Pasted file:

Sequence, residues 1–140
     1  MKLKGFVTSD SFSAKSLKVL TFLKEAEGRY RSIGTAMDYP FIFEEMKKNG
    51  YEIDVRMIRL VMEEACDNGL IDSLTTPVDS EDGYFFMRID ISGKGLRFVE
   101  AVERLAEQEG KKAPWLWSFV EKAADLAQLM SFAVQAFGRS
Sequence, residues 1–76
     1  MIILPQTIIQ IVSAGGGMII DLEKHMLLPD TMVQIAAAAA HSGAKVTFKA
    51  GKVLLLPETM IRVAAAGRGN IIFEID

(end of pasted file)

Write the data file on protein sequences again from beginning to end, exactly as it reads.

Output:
Sequence, residues 1–140
     1  MKLKGFVTSD SFSAKSLKVL TFLKEAEGRY RSIGTAMDYP FIFEEMKKNG
    51  YEIDVRMIRL VMEEACDNGL IDSLTTPVDS EDGYFFMRID ISGKGLRFVE
   101  AVERLAEQEG KKAPWLWSFV EKAADLAQLM SFAVQAFGRS
Sequence, residues 1–76
     1  MIILPQTIIQ IVSAGGGMII DLEKHMLLPD TMVQIAAAAA HSGAKVTFKA
    51  GKVLLLPETM IRVAAAGRGN IIFEID